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best practice or method for archiving large amounts of content (grid down)

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I have one or two external drives that work off a USB port that are several terabytes. They didn’t cost much more than $100 and that was a while back

Keep the old adage: "Two is one, one is none" when it comes to digital storage. External HDDs (Hard disk drives) are the cheapest option per GB or TB of storage. You want at least two if not more copies of your data. Keep a copy in a different place (so if the house burns down, you don't lose all your stuff).

Periodically copy the data to newer drives (I'd say at least every couple of years minimum) and keep the old drives as backups.

You can do the offline vs. "online" thing if you want. Any secure data you have never EVER trust to a cloud provider (DropBox, Google, etc.) You may store your data there, but you aren't directly responsible with maintaining it (plus it's easy to get warrants to search your stuff that way).

I personally have two different ways I store my data - I have an "online" copy which is a small data server located in my house with automatic backup and fail over in case I lose a HDD. I also have more than two copies of that data in offline format.

I keep a backup laptop with spare batteries w/one of the drives in a sealed faraday cage as an absolute last resort for data.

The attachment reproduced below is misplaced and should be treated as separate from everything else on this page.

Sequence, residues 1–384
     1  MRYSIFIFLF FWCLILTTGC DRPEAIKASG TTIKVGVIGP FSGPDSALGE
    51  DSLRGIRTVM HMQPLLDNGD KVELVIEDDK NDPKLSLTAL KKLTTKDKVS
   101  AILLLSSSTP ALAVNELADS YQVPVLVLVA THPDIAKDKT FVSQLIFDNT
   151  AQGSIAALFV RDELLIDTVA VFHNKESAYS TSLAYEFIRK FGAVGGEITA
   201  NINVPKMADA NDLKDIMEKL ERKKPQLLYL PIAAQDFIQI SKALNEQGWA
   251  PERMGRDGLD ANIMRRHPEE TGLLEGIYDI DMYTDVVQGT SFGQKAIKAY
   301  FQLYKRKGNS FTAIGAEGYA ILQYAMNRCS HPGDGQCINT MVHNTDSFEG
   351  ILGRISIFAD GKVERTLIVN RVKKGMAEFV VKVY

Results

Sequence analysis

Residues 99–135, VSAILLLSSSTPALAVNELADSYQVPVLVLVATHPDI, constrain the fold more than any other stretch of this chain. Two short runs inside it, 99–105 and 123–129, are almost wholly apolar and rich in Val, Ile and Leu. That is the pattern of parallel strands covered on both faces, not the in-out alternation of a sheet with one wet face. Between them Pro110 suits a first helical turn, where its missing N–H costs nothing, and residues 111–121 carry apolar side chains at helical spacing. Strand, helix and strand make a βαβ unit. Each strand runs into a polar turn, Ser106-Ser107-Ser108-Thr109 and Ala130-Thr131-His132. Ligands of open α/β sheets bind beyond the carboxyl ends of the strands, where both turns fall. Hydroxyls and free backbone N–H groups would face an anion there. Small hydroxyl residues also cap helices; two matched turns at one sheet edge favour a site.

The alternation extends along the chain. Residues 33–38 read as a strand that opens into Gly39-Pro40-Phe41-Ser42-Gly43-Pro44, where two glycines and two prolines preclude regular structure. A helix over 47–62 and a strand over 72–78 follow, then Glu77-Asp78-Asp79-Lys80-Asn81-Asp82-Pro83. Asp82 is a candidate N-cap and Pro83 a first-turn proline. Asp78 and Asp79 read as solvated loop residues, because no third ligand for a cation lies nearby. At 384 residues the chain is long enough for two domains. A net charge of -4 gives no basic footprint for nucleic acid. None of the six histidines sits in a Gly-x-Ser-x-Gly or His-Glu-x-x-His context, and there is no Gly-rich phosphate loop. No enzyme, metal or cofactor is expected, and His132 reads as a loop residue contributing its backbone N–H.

Granted, I'm not storing epic-level stuff (family photos, ebooks, etc.) But all the really important prepping stuff (gardening books, etc.) are all printed out or in book form to access as the final fail safe.

I work in IT, so I've done a ton of research into this. Feel free to ask away!



--- Quote from: David in MN on April 03, 2019, 11:11:41 AM ---Also utilize photographs. I get a bevvy of food and wine magazines and when I run to the grocer or cheese shop I take pics of the recipe on my phone and go from there.

--- End quote ---

That is a good idea IMHO for things that are not too large or complicated. good enough for a photo (jpeg) of a page on how to can etc etc. I mean practical guides.
In that regard, JPEGs can be read by ANY device in the world and when the format become obsolete there will always be image viewer apps (say, Irfanview) that will batch convert them to the new format. there an app to convert/extract document pages to jpg automatically? (I know I can do it from Photoshop through a pdf conversion etc etc but it is laborious)

Scanned this thread and did not see it mentioned.. but a NAS is what I use. 16tb array  Really sensitive stuff I have multiple thumb drives in the safe.


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